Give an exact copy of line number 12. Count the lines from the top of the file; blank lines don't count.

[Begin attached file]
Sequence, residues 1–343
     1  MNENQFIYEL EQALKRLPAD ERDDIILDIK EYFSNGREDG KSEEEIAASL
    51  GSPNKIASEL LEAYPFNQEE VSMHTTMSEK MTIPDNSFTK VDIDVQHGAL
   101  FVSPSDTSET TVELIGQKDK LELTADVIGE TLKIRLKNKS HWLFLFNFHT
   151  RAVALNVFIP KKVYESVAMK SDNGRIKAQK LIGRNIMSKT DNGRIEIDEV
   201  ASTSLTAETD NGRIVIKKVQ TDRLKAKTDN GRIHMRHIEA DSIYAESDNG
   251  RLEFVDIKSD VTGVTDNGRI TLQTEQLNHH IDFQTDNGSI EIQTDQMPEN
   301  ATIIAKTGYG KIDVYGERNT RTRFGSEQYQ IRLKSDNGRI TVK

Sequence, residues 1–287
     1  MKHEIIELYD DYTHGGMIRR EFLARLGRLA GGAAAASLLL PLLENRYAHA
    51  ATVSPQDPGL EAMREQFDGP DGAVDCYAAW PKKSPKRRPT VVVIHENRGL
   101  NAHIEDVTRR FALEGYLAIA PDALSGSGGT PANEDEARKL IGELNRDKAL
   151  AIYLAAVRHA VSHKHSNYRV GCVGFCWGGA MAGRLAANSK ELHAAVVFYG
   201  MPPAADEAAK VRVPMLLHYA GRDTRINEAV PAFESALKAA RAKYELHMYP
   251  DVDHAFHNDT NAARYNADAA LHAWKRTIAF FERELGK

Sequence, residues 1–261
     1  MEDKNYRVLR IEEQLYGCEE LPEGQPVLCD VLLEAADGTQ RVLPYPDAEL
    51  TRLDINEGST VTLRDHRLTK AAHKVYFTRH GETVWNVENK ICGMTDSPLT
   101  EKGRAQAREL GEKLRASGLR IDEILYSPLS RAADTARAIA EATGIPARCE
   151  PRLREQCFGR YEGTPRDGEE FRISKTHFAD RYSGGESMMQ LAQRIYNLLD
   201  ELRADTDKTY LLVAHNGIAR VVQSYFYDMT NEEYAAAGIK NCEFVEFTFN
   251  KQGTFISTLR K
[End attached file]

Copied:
   101  NAHIEDVTRR FALEGYLAIA PDALSGSGGT PANEDEARKL IGELNRDKAL